Pairing recommendations with policy changes may be effective in reducing low-value care

Pairing recommendations with policy changes may be effective in reducing low-value care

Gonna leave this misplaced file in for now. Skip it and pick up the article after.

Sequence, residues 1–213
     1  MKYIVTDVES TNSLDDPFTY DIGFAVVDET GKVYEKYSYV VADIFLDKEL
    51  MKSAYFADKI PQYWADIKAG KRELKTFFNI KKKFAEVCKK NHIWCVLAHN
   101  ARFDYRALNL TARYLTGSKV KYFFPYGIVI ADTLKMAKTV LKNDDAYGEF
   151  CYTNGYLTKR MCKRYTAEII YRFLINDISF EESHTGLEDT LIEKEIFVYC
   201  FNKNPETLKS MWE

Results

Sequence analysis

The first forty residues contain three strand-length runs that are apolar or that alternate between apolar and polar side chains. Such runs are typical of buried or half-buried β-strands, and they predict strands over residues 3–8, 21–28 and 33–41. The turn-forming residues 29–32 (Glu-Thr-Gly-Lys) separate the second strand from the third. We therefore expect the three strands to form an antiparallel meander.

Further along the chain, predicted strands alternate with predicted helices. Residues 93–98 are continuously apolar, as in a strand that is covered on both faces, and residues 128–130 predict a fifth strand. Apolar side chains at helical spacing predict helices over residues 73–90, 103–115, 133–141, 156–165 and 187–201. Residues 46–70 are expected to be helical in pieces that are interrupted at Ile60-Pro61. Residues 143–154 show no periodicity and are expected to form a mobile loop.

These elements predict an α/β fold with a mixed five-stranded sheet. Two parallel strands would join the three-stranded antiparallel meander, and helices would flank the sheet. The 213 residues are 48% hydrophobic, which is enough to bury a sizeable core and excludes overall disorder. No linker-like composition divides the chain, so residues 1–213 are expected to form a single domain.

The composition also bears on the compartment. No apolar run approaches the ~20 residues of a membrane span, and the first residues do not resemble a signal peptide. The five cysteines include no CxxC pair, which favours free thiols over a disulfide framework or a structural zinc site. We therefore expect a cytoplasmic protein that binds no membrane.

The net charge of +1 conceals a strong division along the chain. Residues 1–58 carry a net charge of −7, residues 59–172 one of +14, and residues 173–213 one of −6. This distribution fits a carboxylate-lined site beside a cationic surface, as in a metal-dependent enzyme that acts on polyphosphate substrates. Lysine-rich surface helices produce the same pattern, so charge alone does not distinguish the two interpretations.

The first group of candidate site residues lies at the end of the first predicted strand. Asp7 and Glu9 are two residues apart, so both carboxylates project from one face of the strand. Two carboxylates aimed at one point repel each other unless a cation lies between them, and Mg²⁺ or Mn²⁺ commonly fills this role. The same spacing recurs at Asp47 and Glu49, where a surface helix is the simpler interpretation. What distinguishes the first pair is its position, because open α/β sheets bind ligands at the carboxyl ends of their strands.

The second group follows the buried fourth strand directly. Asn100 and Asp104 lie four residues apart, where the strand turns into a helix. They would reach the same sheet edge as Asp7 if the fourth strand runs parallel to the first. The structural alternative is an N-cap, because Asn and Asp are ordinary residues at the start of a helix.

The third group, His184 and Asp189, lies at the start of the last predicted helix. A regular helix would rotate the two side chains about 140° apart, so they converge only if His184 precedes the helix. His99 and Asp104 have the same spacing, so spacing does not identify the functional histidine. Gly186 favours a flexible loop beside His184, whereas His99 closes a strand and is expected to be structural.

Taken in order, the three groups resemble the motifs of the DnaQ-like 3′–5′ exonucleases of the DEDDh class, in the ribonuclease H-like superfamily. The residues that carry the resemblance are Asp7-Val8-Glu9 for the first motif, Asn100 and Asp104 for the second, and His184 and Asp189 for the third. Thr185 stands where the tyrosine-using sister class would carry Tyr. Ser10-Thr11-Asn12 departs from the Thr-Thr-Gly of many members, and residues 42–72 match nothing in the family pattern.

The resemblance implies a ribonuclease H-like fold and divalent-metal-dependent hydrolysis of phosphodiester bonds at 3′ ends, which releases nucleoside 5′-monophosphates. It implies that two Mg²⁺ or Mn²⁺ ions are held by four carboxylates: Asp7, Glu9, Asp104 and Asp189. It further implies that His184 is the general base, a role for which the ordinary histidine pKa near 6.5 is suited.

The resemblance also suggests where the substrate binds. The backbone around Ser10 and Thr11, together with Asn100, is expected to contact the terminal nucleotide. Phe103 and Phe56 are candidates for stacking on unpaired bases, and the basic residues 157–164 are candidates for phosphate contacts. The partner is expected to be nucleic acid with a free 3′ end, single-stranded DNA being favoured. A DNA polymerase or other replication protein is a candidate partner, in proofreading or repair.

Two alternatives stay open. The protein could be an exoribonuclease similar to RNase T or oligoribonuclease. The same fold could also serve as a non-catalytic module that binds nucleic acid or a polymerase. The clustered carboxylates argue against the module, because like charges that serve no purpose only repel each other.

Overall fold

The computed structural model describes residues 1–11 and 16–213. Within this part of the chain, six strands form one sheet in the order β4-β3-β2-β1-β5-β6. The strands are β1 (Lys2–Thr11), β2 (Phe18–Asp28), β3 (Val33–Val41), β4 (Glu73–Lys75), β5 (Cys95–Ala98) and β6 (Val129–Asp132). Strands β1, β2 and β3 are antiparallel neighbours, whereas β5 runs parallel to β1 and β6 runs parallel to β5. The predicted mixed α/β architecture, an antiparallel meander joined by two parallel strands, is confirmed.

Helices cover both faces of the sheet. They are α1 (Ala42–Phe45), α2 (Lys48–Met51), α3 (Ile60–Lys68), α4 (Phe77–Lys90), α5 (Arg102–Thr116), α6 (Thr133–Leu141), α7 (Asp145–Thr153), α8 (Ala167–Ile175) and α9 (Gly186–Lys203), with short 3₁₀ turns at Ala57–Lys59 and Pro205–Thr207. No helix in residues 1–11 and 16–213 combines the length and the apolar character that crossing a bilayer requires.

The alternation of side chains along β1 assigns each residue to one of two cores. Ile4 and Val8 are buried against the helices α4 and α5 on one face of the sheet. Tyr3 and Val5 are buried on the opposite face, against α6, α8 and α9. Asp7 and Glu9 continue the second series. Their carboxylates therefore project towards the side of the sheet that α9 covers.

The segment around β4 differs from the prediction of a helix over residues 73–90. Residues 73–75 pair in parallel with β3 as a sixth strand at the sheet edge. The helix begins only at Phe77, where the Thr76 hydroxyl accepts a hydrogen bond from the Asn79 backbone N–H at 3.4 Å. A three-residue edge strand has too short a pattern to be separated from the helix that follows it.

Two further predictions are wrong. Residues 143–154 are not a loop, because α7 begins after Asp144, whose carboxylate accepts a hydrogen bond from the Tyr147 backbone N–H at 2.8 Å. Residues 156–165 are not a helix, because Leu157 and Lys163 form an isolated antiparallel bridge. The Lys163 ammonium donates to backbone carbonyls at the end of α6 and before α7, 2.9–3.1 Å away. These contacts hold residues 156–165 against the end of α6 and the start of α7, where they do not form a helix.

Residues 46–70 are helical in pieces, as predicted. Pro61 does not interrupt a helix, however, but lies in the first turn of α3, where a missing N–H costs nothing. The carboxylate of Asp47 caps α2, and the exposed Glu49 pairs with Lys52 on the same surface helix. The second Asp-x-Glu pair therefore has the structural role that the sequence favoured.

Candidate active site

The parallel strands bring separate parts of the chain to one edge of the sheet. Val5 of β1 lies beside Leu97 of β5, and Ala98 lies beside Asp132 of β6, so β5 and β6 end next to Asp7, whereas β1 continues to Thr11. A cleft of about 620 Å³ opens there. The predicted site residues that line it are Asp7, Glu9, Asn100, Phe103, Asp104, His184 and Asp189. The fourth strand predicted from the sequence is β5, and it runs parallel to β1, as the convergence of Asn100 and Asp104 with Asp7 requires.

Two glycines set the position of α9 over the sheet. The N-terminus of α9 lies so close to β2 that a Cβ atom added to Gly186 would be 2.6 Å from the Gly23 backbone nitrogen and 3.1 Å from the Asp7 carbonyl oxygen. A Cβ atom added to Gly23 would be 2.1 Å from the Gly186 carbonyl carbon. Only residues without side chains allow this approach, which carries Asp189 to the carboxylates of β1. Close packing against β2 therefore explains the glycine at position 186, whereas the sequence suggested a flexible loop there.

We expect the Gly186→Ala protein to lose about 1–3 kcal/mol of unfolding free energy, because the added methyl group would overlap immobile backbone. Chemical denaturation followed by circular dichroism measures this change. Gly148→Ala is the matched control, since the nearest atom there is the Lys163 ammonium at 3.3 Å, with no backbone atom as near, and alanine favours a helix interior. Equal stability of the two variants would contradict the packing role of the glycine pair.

The old story of a farmer trying to get a stubborn mule to pull a wagon by dangling a carrot in front of its nose, or hitting its rump with a stick, may not seem to have much to do with the practice of medicine. But a new study suggests that when it comes to making the best use of health care dollars, it will take a combination of carrots and sticks to move things forward. The study looks at the effects of two initiatives that aimed to reduce the use of two blood tests that experts consider "low value" for most patients: Routine vitamin D tests, and an unnecessary thyroid test for tracking thyroid hormone levels. After an organization that advises the health care system in Ontario, Canada reported in 2010 that population-based Vitamin D screening does not improve outcomes, the province's health plan for all residents declared it wouldn't pay for low-value vitamin D tests. Soon after, the rate of testing dropped nearly 93 percent, the study shows. Patients who had a condition or medication that might lower their vitamin D levels could still get tested. But in the U.S., where no such payment change took place, 2.6 million unnecessary vitamin D screening tests happened in just one year, according to the researchers from the University of Michigan, University of Toronto and VA Ann Arbor Healthcare System who published the new findings in JAMA Internal Medicine. A few years later, as part of an education campaign called Choosing Wisely, physician professional societies issued recommendations on when not to use Vitamin D and T3 testing. And while use of the test in Ontario dropped an additional 4.5%, the use in U.S. patients covered by Veterans Health benefits or commercial insurance dropped about 14%. Our study found small reductions in the use of unnecessary vitamin D screenings in response to recommendations from the Choosing Wisely campaign, but much greater reductions in Ontario when recommendations were complemented by policy change. The biggest lesson is that while recommendations alone can work to reduce low value care, recommendations have greater impact when they are reinforced by changes to policy and practice." Eve Kerr, M.D., M.P.H., senior author of the new paper and a professor in the U-M Department of Internal Medicine Improving value Kerr heads a program at the U-M Institute for Healthcare Policy and Innovation called the Michigan Program on Value Enhancement. She and her colleagues used the same Choosing Wisely guideline to build an alert for clinicians who had ordered a vitamin D test of low potential value into the electronic health record at Michigan Medicine, U-M's academic medical center. Related Stories



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